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STIs and women over 50

sexual health for over 50s

Why are sexually transmitted infections becoming more and more common among over 50s? With figures doubling in the past decade, it's clear we need to talk about safe sexSo what are STI symptoms in women and how do you get treatment? With such worries as discussing sexually transmitted infections with health professionals as well as partners, we think it's time to start breaking down the stigma and prioritising awareness. 
 

What are STIs? 

Sexually transmitted infections are passed from person to person through unprotected sex or contact with genitals - you do not need to have penetrative sex as some STIs spread through skin-to-skin contact. The most common STIs are chlamydia and genital warts.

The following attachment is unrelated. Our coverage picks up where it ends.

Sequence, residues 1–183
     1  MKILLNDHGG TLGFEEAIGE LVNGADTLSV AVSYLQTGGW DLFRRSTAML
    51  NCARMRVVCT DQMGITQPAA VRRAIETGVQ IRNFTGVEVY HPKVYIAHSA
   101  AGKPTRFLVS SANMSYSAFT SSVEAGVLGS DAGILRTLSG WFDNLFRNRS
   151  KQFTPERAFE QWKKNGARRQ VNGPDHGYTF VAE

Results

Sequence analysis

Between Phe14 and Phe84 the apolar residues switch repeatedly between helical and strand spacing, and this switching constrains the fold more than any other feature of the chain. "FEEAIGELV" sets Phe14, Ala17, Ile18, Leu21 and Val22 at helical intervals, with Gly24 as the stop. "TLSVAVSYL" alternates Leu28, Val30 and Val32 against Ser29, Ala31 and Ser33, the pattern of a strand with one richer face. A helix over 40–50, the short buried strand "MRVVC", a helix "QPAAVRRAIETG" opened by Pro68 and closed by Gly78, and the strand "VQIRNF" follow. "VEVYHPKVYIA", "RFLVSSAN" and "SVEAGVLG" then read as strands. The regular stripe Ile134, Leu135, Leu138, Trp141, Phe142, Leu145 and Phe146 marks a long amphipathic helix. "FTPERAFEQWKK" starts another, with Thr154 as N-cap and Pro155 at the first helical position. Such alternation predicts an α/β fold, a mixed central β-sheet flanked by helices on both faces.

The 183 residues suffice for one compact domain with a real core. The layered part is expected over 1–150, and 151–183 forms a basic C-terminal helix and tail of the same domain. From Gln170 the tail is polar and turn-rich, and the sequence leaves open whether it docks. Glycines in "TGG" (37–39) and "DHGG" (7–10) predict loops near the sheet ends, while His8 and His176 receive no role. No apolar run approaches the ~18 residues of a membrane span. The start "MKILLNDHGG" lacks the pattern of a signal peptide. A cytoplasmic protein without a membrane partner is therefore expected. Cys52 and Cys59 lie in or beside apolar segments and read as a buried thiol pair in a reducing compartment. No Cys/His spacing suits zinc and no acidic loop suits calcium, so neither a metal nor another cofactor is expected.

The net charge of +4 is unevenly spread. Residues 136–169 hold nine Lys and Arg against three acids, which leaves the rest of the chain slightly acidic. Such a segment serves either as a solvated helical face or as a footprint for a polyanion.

"There's a reluctance to talk about such things. Let's get this taboo subject out into the open. Use condoms. Don't be embarrassed to ask if he's got a condom at the ready. If he hasn't, produce your own and make sure it's used - and used for the entire time! It's for his protection as well as yours."
 

Sexual health and women over 50  

According to recent studies by the Health Protection Agency (now part of Public Health England) and the FPA, the number of STI cases among over 50s are rising dramatically, and have been for a while. In a study published by the StudentBMJ, co-author Rachel von Simson writes: “A cross sectional study showed that more than 80 percent of 50-90 year olds are sexually active, with cases of many common sexually transmitted infections more than doubling in this age group in the past 10 years”.